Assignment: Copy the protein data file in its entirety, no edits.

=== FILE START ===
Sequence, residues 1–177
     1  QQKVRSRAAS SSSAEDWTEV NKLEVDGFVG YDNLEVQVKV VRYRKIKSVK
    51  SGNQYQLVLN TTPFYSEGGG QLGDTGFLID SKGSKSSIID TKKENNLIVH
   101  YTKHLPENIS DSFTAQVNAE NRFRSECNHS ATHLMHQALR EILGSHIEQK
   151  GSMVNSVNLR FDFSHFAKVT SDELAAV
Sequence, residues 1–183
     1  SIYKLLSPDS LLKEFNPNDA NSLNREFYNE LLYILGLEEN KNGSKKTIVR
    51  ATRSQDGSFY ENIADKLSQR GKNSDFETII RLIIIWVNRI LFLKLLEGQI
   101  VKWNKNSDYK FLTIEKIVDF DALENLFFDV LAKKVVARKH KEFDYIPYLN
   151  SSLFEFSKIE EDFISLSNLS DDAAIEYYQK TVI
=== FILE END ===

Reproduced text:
Sequence, residues 1–177
     1  QQKVRSRAAS SSSAEDWTEV NKLEVDGFVG YDNLEVQVKV VRYRKIKSVK
    51  SGNQYQLVLN TTPFYSEGGG QLGDTGFLID SKGSKSSIID TKKENNLIVH
   101  YTKHLPENIS DSFTAQVNAE NRFRSECNHS ATHLMHQALR EILGSHIEQK
   151  GSMVNSVNLR FDFSHFAKVT SDELAAV
Sequence, residues 1–183
     1  SIYKLLSPDS LLKEFNPNDA NSLNREFYNE LLYILGLEEN KNGSKKTIVR
    51  ATRSQDGSFY ENIADKLSQR GKNSDFETII RLIIIWVNRI LFLKLLEGQI
   101  VKWNKNSDYK FLTIEKIVDF DALENLFFDV LAKKVVARKH KEFDYIPYLN
   151  SSLFEFSKIE EDFISLSNLS DDAAIEYYQK TVI